I've another stack of new books to share. From the top:
Good Evening, Mrs. Craven. Mollie Panter-Downes. Danielle has been singing Panter-Downes' praises for awhile, so I couldn't resist this new Persephone Classic edition as an introduction to the author. I also have Panter-Downes' novel, One Fine Day, checked out from the library.
The Truth About These Strange Times. Adam Foulds. Foulds' latest, The Quickening Maze, has been longlisted for the Booker, and while I wait for a U.S. publication date or a U.K. paperback edition, I thought I'd give his first novel a try.
Middlesex. Jeffrey Eugenides. I already owned an audio version of this, but I'm more likely to read it than listen to it. From the used bookstore.
The Moonflower Vine. Jetta Carleton. Touted by Jane Smiley, Neglected Books, and the savvy readers at Book Balloon.
Running with Scissors. Augusten Burroughs. From the library sales table.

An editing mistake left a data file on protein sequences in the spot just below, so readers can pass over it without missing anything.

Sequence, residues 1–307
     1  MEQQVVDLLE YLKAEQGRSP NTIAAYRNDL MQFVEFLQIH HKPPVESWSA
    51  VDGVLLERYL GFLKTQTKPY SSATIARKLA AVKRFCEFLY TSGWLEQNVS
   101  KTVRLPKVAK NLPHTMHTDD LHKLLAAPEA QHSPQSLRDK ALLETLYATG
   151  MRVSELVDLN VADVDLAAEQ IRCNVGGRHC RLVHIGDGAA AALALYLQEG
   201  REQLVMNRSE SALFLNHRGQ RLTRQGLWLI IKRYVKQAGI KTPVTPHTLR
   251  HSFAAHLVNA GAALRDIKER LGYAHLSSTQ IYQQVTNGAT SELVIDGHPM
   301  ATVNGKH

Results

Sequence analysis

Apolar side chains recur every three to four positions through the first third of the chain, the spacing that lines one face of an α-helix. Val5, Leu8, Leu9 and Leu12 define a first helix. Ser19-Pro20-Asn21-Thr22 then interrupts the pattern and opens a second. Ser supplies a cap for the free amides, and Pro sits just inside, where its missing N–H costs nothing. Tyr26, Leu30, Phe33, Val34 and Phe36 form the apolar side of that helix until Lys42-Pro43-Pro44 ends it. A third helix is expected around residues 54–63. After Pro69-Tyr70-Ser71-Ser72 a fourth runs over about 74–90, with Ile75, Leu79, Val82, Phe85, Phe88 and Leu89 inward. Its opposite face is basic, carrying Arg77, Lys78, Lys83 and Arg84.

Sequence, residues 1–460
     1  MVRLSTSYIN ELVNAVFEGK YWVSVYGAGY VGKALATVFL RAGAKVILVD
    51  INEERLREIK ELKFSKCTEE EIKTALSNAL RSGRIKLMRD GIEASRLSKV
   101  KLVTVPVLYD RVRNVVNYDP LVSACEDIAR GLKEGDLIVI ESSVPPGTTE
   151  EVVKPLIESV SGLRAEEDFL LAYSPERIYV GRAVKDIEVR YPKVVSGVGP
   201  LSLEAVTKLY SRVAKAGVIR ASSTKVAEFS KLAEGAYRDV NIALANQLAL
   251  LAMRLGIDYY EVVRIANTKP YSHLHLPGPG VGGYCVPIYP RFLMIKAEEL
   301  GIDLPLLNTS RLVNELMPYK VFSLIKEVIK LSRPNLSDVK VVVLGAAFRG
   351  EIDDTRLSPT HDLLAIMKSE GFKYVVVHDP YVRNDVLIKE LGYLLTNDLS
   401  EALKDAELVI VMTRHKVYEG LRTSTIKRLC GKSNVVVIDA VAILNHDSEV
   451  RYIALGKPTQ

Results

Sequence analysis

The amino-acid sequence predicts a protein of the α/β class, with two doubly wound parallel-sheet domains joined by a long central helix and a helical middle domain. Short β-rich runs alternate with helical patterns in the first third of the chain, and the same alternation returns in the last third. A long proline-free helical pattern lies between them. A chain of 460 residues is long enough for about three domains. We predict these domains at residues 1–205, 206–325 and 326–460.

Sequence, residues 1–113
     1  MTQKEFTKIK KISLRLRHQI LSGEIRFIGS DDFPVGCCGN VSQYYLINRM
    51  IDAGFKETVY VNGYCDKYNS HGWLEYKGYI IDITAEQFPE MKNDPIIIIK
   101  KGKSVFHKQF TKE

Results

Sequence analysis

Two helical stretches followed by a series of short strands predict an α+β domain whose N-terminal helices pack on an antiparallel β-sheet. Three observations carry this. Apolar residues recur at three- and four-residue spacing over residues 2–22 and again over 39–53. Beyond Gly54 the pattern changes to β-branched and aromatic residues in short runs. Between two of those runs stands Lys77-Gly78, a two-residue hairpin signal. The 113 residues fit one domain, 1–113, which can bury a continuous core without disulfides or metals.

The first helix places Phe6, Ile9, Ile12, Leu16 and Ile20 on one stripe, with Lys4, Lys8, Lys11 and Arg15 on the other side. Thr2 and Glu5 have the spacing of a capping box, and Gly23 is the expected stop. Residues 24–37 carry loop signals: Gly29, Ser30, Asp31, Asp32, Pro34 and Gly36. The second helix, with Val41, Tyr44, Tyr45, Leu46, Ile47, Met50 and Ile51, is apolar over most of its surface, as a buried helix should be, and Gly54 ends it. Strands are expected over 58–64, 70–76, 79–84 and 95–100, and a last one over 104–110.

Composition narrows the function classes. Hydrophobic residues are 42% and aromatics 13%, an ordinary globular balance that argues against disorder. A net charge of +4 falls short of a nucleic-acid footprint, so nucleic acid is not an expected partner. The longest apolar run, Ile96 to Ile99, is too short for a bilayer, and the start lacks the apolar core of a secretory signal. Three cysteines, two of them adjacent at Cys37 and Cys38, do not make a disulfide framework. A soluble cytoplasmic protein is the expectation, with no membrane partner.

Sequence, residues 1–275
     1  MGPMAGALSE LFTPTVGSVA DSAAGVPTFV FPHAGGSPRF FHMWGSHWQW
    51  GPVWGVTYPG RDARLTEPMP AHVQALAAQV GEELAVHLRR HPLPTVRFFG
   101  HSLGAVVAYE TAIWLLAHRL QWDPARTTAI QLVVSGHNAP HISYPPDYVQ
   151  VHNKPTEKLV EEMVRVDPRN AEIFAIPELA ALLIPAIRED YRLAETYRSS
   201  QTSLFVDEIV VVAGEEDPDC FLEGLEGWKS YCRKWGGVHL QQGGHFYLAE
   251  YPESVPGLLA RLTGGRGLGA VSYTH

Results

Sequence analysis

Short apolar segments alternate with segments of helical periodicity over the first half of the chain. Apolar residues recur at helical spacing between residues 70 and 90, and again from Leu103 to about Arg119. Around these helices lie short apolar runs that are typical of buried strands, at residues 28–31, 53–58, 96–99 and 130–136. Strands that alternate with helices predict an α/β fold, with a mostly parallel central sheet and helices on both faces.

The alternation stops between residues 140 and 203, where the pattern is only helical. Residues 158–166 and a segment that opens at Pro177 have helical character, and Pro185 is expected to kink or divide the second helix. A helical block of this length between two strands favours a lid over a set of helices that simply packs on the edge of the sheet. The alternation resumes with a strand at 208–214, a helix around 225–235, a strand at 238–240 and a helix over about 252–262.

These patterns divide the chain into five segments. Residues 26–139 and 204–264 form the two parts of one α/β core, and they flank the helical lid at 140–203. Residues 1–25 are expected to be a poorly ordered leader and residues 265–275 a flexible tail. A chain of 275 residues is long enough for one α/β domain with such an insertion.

The Summer Kitchen. Karen Weinreb. A review copy. I thought it might be interesting to compare/contrast this with Stewart O'Nan's The Good Wife.
That Old Cape Magic. Richard Russo. I'm keeping my fingers crossed that this will be as funny as Straight Man.
A Supposedly Fun Thing I'll Never Do Again. David Foster Wallace. The university library has all of Wallace's books except this one. I think I'll want to read them all once finished with Infinite Jest.
Celestial Navigation. Anne Tyler. Dinner at the Homesick Restaurant was the first Tyler I owned in hardback. I've been trying for years to replace all my ratty paperbacks with hardbacks; I now lack just the first three.
Noah's Compass. Anne Tyler. Decided I couldn't wait till January for the U.S. publication, so I preordered it from the Book Depository.
Children of the Alley. Naguib Nahfouz. Picked up in the used bookstore while waiting out a cloudburst Sunday afternoon.